London's National Gallery, founded in 1824, houses a rich collection of over 2,300 paintings dating from the mid-13th century to 1900[a] in its home on Trafalgar Square. The collection belongs to the British public and entry to the main collection is free, although there are charges for entry to special exhibitions. The gallery is a Non-Departmental Public Body.
The National Gallery's beginnings were modest; unlike comparable galleries such as the Louvre in Paris or the Museo del Prado in Madrid, it was not formed by nationalising an existing royal or princely art collection. It came into being when the British government bought 36 paintings from the banker John Julius Angerstein in 1824. After that initial purchase the Gallery has been shaped mainly by its early directors, notably Sir Charles Lock Eastlake, and by private donations, which comprise two thirds of the collection. The resulting collection is small compared with the national galleries of continental Europe, but has a high concentration of important works across a broad art-historical scope, from the Early Renaissance to Post-impressionism, with relatively few weak areas.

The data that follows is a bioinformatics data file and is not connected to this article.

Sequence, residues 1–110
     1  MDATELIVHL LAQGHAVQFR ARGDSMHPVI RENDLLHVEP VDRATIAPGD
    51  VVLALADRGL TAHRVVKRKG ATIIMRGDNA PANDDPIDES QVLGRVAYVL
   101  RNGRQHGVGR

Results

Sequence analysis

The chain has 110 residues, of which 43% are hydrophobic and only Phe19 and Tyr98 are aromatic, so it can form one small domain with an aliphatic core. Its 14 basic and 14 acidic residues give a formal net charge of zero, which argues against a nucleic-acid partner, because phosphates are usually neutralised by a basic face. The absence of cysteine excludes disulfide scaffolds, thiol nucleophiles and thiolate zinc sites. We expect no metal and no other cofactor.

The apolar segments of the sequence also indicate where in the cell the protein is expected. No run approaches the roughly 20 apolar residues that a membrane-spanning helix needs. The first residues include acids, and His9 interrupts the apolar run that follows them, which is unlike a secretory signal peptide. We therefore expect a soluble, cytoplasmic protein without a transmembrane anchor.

The present building, on the northern side of Trafalgar Square, is the third to house the Gallery, and like its predecessors it has often been deemed inadequate. The façade by William Wilkins is the only part of his original building of 1832–8 that remains essentially unchanged, as the structure as a whole has been altered and expanded in a piecemeal manner throughout its history. Notable additions have been made by E. M. Barry and Robert Venturi. The current Director of the National Gallery is Nicholas Penny.